1. Department of Surgery, Shanghai Institute of Digestive Surgery, Ruijin Hospital, Shanghai Jiaotong University School of Medicine, No. 197 Ruijin Er Road, Shanghai 200025, China;
2. Department of Clinical Oncology, Ruijin Hospital, Shanghai Jiaotong University School of Medicine, No. 197 Ruijin Er Road, Shanghai 200025, China;
3. Department of Pathology, Ruijin Hospital, Shanghai Jiaotong University School of Medicine, No. 197 Ruijin Er Road, Shanghai 200025, China.
Background and Aim: Pancreatic neuroendocrine tumor (pNET) is a clinically rare and heterogeneous group of tumors; its pharmacogenetic characteristics are not fully understood. This study was designed to examine the relationship between key gene variations and disease development and prognosis among Chinese patients with pNET.
Methods: Various pNET associated genes such as DAXX/ATRX, KRAS, MEN1, PTEN, TSC2, SMAD4/DPC, TP53 and VHL were analyzed in high-throughput sequencing. The links between the gene mutations and the clinicopathological features and prognosis of the patients were determined.
Results: The somatic mutation frequencies of the DAXX/ATRX, KRAS, MEN1, mTOR pathway genes (PTEN and TSC2), SMAD4/DPC, TP53, and VHL in Chinese pNET patients were 54.05%, 10.81%, 35.14%, 54.05%, 2.70%, 13.51%, and 40.54%, respectively, while the same figures in Caucasians pNET patients were 43%, 0%, 44%, 15%, 0%, 3%, and 0%, respectively. The numbers of mutated genes were from 0 to 6; 4 patients with more than 3 mutated genes had higher proliferation (Ki-67) index or nerve vascular invasion or organ involvement, but only 9 of 27 patients with 3 or few mutated genes had such features. Mutations in KRAS and DAXX/ATRX, but not other genes analyzed, were associated with a shortened survival.
Conclusion: The mutation rates of these genes in Chinese pNET patients are different from those in Caucasians. A higher number of gene mutations and the DAXX/ATRX and KRAS gene mutations are correlated with a poor prognosis of patients with pNET.
Keywords: pancreatic neuroendocrine tumor, gene mutation, prognosis, KRAS, DAXX/ATRX.
Pancreatic neuroendocrine tumors (pNETs) include a heterogeneous group of tumors and account for about 3%-5% of all pancreatic malignancies, with an incidence estimated to range from 0.3 to 0.4 per 100,000 in the United States 1-3. The incidence and prevalence of pNETs have increased about five-fold in the last three decades, partly due to the improvement of diagnostic standards and early detection of asymptomatic lesions 3. The pNETs can be divided into functional and nonfunctional tumors. Functional tumors, such as insulinomas and gastrinomas, can secrete hormones and lead to corresponding clinical symptoms, whereas nonfunctional tumors cause non-specific symptoms, such as pain, an abdominal mass, pernicious vomiting, and anemia 4, 5.
The mainstay of treatment for pNETs is surgery. However, most patients are contraindicated for resection, because 65% of patients have unresectable or metastatic disease at the time of diagnosis 6. Unresectable pNETs are associated with a poor prognosis, with a median overall survival (mOS) of 24 months 3. The 10-year survival rate is only 40% and has not changed significantly over the last 30 years 2. Newer chemotherapeutic agents and molecular targeted therapy have recently been developed to treat the unresectable pNETs, but their efficacy has been modest 7.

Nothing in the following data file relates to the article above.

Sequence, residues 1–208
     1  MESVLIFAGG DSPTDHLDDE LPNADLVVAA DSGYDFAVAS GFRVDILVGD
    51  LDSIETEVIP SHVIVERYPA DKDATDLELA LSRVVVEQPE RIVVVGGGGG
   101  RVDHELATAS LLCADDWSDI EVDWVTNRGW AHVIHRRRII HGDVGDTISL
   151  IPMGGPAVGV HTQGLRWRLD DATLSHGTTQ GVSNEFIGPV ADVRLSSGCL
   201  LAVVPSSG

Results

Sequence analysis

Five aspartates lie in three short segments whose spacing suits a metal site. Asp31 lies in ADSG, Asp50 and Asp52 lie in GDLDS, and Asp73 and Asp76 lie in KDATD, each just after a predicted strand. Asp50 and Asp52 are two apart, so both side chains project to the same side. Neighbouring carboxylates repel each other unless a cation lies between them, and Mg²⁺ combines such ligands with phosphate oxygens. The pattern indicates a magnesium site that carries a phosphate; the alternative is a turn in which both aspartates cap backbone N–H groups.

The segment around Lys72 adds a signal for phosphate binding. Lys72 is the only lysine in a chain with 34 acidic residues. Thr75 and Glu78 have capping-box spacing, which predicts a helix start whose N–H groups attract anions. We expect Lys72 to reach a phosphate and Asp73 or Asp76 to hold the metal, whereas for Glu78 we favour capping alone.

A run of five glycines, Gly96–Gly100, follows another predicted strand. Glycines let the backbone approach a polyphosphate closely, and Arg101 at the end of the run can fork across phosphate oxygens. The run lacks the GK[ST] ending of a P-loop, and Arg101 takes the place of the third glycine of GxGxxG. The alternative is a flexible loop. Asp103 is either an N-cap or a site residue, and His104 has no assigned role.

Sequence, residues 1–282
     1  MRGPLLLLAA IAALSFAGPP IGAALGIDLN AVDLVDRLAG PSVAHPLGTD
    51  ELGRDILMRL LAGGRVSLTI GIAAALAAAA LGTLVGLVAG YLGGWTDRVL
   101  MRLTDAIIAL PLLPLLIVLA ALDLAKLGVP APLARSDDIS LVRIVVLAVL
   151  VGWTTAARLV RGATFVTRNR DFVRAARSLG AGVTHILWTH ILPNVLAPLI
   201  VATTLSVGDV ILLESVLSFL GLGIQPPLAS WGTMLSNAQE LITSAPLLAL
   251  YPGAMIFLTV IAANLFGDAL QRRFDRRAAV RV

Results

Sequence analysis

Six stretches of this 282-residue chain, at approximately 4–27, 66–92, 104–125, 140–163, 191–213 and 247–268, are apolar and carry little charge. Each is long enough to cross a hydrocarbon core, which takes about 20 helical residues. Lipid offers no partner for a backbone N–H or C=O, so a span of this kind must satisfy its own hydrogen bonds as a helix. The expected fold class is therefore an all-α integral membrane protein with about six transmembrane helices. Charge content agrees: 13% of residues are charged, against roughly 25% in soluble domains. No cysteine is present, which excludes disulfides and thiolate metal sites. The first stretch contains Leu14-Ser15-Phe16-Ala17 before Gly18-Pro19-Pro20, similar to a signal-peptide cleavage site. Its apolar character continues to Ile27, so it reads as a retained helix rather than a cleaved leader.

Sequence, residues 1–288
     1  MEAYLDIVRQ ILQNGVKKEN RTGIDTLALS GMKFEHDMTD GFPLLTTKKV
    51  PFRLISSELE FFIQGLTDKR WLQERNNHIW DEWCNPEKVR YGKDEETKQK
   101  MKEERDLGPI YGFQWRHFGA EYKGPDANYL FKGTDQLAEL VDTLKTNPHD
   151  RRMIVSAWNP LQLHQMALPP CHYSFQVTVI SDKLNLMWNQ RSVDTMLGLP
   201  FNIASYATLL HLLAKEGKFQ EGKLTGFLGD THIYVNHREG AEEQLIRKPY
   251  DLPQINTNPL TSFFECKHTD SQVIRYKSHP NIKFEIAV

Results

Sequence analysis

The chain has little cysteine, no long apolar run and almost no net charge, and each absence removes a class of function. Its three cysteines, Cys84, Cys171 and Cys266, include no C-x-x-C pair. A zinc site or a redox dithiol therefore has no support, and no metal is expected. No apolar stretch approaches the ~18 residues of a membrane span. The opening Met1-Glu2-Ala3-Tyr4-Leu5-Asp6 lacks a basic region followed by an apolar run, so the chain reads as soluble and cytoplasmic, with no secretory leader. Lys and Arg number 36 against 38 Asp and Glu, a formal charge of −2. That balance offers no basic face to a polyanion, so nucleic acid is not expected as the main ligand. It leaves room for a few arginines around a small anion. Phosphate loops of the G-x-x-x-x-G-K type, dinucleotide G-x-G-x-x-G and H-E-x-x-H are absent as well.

The genetic background of pNETs has not been fully understood. One study has revealed that there are multiple genetic mutations in nonfamilial pNETs, including mutations in multiple endocrine neoplasias type 1 (MEN1), DAXX (death domain-associated protein)/ATRX (α-thalassemia/mental retardation syndrome X-linked), and genes in the mammalian target of rapamycin (mTOR) pathway 8. Interestingly, the mutations in the MEN1 and DAXX/ATRX genes are associated with a better prognosis of pNET patients in that study. Furthermore, the investigators suggest that the identification of mutations in genes in the mTOR pathway could be used to stratify pNET patients for treatment with mTOR inhibitors 8.
We have been interested in elucidating the genetic mechanisms for the development and progression of pNETs and believe patients' pharmacogenetic characgteristics could be used to guide their diagnosis and treatment. Additionally, it has been well documented that there are significant differences in genetic/genomic variations for many diseases among various ethnic groups. In the present study, we analyzed the gene mutations of Chinese pNET patients. Considering that all of the published studies had focused on Caucasian and Western populations and no studies have been conducted in Chinese populations, we compared the mutations in our patients with those of the previous studies in Westerners and examined the relationship between the key gene mutations and the clinic-pathological features and prognosis of our pNET patients.
The study was reviewed and approved by the Institutional Review Board (IRB) of Ruijin Hospital, Shanghai Jiaotong University School of Medicine, Shanghai, China. Informed written consent to participate in the study was obtained from each of the patients before the entry of the study.
This was a retrospective study. From 2005 to 2011, 43 consecutive pNET patients underwent surgical resections of their tumors and had a definite pathological diagnosis of pNET in the Department of Surgery, Ruijin Hospital, Shanghai Jiaotong University School of Medicine, Shanghai, China. Six cases also had pancreatic adenocarcinoma and were excluded from the present study; therefore, 37 patients were finally enrolled in the study. All tumor specimens were formalin-fixed and paraffin-embedded. The tumors were classified into three groups according to the 2010 World Health Organization (WHO) classification criteria 9. The clinic-pathological data are shown in Table 1. Patients were followed up, and the overall survival time was analyzed.